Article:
Different individuals respond in slightly different ways to stress, and we all have different triggers. However, if people experience frequent social threats, then our stress and anxiety levels remain elevated, which over time can translate into chronic stress and burnout. As a rule, we seek to avoid situations where social threats exist. Similarly, we seek to move towards situations where they do not exist. These safe places are those where we do not feel threatened, and may even have a sense of reward. Different workplace decisions and practices can be analyzed using this framework of whether something will trigger a negative/threat response, or whether it will be perceived as a reward or neutral. Even minimal uncertainty can cause our brains to try to create order and make sense of the unknown. This can cause us to feel threatened and lose focus.
As Rock describes it, the SCARF model “involves five domains of human social experience: Status, Certainty, Autonomy, Relatedness, and Fairness.”
- Status is about where you are in relation to others around you
- Certainty concerns being able to predict the future.
- Autonomy provides a sense of control over events.
- Relatedness is a sense of safety with others, of friend rather than foe.
- Fairness is a perception of impartial and just exchanges between people.”
We will examine each of the following factors as a framework to consider creating a safe and non-threatening, or even better, a rewarding workplace that considers the needs and desires of the employer and the employee, whether in office or remote.
As we return from working remotely, with disparate and dispersed teams and departments coming together physically, it’s key to re-establish roles and responsibilities. Doing reboots and assessments to realign and rebalance teams and leaders. Over the last one-and-a-half years, leaders may have been less present due to both personal and professional reasons; or more present, perhaps even micromanagers, due to fears that people wouldn’t be productive if they weren’t seen. Tips and techniques to infuse positivity, trust and connection include:
- Set up one-on-ones with direct reports to check in with them. Find out what’s on their mind, what do they need, and solicit ideas to give them voice and visibility.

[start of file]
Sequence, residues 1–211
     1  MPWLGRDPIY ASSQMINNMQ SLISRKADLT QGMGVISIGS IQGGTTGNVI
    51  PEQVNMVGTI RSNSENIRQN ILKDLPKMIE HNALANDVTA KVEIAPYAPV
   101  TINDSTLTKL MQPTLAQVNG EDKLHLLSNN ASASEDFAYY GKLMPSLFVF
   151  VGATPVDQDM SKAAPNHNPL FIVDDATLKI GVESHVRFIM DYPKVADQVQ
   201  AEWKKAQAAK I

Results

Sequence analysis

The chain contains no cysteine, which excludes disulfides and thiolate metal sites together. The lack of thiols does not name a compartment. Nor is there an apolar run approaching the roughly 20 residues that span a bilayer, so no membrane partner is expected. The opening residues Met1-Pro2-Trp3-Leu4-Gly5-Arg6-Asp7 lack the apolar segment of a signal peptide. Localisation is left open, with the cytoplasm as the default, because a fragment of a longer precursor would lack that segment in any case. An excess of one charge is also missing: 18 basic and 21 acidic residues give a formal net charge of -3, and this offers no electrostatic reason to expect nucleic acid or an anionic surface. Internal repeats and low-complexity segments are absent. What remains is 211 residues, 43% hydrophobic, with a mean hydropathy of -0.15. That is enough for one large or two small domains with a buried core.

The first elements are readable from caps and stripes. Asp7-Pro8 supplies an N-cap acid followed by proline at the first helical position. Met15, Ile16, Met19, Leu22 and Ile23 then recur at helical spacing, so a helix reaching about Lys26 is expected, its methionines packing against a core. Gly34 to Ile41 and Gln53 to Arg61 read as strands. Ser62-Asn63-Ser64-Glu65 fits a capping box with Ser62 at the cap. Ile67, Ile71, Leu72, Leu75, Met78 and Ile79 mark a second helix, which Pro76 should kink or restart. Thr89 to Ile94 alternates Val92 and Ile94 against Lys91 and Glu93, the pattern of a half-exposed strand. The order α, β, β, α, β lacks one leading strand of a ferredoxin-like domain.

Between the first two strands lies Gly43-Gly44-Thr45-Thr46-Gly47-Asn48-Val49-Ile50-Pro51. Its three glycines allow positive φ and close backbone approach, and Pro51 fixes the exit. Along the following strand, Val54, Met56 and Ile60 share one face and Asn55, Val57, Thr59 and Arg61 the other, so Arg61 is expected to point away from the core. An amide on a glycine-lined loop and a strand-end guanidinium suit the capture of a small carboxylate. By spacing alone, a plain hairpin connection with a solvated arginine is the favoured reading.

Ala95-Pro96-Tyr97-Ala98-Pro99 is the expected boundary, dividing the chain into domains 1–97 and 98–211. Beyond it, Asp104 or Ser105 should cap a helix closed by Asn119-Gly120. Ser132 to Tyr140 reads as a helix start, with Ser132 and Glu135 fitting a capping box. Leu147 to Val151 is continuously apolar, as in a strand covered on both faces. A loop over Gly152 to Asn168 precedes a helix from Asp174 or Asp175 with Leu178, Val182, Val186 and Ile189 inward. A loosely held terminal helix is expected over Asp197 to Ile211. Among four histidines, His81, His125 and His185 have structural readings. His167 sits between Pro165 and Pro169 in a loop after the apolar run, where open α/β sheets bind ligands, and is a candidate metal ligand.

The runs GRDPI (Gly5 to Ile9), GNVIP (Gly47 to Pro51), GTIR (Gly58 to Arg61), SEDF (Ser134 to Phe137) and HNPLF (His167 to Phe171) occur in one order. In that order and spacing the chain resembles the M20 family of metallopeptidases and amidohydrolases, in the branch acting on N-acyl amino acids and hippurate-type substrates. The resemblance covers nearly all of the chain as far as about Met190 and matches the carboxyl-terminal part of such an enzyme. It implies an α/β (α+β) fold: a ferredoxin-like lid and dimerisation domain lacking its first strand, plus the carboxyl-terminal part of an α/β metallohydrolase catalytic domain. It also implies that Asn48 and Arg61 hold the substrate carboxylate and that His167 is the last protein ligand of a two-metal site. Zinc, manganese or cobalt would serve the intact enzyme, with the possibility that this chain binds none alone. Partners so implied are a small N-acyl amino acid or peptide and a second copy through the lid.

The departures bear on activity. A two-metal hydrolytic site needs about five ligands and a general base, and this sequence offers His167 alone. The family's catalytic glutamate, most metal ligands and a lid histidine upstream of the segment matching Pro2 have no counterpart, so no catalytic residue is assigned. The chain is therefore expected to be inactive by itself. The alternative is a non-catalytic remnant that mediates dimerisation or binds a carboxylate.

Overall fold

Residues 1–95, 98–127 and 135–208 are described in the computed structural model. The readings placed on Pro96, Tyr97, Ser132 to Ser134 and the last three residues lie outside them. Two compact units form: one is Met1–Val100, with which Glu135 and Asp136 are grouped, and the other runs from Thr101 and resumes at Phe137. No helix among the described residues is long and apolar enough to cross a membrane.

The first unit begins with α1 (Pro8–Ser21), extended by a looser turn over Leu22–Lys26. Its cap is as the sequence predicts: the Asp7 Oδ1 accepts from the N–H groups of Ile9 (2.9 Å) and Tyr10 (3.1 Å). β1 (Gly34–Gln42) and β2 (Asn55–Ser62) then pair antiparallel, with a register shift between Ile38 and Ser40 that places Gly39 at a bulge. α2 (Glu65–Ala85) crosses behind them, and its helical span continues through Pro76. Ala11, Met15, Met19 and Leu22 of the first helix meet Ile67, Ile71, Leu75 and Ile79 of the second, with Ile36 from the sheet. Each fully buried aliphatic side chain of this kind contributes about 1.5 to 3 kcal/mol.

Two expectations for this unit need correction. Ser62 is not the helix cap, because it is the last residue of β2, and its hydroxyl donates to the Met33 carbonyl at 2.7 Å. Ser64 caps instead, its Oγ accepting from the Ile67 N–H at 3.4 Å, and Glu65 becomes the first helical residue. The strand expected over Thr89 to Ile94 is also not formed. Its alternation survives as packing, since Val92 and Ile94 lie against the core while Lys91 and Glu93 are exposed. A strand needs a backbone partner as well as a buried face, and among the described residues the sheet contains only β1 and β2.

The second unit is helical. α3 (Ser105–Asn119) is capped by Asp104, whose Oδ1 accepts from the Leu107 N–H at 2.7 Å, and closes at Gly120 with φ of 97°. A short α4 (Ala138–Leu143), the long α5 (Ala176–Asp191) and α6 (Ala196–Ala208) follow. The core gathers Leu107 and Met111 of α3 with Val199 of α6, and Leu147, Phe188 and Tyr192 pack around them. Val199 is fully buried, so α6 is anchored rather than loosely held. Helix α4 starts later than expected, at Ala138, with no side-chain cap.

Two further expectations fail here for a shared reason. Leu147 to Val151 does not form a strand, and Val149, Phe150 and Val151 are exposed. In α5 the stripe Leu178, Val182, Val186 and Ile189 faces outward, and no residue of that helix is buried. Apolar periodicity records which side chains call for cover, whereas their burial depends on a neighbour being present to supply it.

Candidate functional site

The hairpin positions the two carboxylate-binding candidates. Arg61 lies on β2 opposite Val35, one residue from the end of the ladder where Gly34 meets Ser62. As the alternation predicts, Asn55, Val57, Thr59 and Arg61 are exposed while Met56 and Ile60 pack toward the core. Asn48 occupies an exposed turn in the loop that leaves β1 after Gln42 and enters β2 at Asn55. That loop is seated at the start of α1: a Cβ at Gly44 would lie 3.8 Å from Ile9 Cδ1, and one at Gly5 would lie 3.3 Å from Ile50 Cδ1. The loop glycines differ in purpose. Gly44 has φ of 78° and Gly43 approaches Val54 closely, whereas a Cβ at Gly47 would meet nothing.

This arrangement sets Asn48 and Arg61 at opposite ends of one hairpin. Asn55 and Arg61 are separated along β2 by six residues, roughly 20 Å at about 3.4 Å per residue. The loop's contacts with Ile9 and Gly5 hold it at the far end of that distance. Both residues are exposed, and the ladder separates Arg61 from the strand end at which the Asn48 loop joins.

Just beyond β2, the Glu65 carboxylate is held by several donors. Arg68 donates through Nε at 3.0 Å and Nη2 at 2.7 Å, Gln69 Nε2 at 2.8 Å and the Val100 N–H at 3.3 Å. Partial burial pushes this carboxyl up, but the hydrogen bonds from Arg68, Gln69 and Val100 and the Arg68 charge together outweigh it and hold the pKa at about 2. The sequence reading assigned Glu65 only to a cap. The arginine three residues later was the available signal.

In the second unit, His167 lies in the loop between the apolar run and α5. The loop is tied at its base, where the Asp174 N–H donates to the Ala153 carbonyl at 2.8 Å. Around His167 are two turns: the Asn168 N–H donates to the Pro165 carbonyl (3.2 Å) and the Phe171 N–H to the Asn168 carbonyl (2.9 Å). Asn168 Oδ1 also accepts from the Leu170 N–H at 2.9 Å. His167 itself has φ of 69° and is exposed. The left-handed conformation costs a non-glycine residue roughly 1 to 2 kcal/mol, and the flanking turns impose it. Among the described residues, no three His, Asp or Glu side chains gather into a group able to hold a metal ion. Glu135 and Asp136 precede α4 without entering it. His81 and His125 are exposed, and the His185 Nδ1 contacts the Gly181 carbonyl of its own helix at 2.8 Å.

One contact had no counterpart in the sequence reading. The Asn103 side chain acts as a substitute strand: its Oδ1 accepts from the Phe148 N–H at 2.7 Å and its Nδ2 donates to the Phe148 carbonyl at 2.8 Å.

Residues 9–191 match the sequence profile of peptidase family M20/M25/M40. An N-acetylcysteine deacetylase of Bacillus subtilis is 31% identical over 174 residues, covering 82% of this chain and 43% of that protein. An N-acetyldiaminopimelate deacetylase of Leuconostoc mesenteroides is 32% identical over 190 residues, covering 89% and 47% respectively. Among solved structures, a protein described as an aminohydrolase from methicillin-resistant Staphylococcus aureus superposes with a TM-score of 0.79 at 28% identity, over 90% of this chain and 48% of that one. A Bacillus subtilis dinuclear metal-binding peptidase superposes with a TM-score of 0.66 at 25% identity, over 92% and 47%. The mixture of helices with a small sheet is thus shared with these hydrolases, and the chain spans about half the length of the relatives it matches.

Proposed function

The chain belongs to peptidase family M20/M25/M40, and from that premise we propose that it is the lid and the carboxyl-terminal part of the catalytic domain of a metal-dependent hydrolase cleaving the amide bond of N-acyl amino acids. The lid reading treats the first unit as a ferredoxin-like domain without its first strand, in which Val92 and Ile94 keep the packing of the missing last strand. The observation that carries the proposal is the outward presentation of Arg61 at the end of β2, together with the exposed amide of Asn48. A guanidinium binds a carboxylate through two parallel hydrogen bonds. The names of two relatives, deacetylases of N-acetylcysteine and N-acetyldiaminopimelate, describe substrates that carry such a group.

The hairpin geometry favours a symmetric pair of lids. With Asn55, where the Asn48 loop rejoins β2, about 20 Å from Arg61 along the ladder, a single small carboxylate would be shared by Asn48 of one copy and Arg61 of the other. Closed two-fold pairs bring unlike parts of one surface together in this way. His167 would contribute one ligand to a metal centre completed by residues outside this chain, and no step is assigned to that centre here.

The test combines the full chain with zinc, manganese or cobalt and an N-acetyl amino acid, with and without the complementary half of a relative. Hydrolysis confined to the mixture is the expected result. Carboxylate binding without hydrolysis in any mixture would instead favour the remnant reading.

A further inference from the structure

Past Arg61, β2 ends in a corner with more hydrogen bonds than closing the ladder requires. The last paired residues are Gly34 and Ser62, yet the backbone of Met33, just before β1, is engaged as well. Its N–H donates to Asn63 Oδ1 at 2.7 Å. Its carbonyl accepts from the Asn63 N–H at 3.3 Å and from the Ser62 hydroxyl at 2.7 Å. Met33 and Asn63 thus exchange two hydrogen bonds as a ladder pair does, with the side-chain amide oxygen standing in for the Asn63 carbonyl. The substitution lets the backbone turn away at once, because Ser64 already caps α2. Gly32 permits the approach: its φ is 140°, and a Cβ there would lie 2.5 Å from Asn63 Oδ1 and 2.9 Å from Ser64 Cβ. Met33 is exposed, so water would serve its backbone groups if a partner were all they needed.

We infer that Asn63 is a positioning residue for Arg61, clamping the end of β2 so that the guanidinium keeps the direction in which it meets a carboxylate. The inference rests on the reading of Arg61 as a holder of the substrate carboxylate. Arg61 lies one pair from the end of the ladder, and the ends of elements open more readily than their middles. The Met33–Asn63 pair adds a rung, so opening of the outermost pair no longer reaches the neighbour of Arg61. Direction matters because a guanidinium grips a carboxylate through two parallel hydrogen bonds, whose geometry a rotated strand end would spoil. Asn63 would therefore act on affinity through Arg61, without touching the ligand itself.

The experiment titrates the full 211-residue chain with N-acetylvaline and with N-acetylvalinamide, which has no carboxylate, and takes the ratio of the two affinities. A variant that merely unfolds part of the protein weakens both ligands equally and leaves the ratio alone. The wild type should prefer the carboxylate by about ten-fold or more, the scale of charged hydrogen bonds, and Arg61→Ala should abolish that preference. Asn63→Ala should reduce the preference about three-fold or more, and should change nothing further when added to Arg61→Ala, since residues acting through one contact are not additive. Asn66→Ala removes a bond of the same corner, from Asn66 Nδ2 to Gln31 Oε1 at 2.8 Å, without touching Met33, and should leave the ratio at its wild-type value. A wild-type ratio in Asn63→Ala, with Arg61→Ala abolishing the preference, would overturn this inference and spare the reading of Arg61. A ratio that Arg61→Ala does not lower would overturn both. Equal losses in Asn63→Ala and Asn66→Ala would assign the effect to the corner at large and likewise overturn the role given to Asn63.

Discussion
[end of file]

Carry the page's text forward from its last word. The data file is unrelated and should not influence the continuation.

- Conduct psychometric assessments to open conversations on performance and engagement.
- Create an environment that provides empathetic and compassion feedback across all levels (see Kim Scott’s radical candor)
- Ensure bonuses and promotions are happening on a regular basis, as well as public recognition of accomplishments and/or hard work, or even generally acknowledge that people have gone above and beyond. People want to feel recognized and rewarded for their work.
- Create a workplace that welcomes and supports diversity, promotes equity, and thinks inclusively. The DEI community suffered significantly through the pandemic, and they need to feel welcomed back.
- Establish opportunities for growth, development, and acquiring of expertise through learning and development, coaching, mentoring, stretch assignments, shadowing, and educational programs.
As offices re-open, it will be important for leaders to communicate that they will be prioritizing health and safety concerns, and will be taking all necessary precautions to provide an environment where they can feel safe, with some degree of predictability and grounding. They are looking for ways to make the transition to the office both physically and psychologically safe and feasible while all their personal and professional obligations collide.
Tips to help build certainty and counterbalance VUCA might include:
- Create clarity around expectations, deadlines, and assignments. Rather than saying “you can get this to me when you can” or “no rush” or even “can you get me this quickly,” be explicit, precise, and detailed. It also helps to provide context on the timing, so the person doesn’t feel it’s a ”hurry up and wait” scenario.
- Provide clear pathways to success and promotions—clarify what it will take for someone to be promoted, make partner, get a plum assignment, or lead a team. When there are clear milestones and objectives, it’s much easier to develop action plans to meet the goals.
- Build better support, personal days off, and stipends for working parents addressing child care and tutoring support, as well as help with eldercare responsibilities
- Establish clear protocols around COVID safety and health guidelines. Clearly state the vaccination policy.
- Establish in-office practices around desk/space assignments, parking, and who/when/where is remote work acceptable.
Both David Rock and Daniel Pink (author of Drive) focus on the need to feel autonomous and have the ability to have some control of the day-to-day. This is particularly relevant coming off the flexibility experience during the days of work from home. Some considerations might include:
- Give employees an opportunity to pick the days they work from home
- Consider retaining or offering positions to lawyers who might want to work part-time or flex time (see Practice Forward)
- Create flexible work times to accommodate personal issues
- Create work environments that adapt to different work styles
- Make sure people can continue to be present in the kids’ lives after more than a year of being home.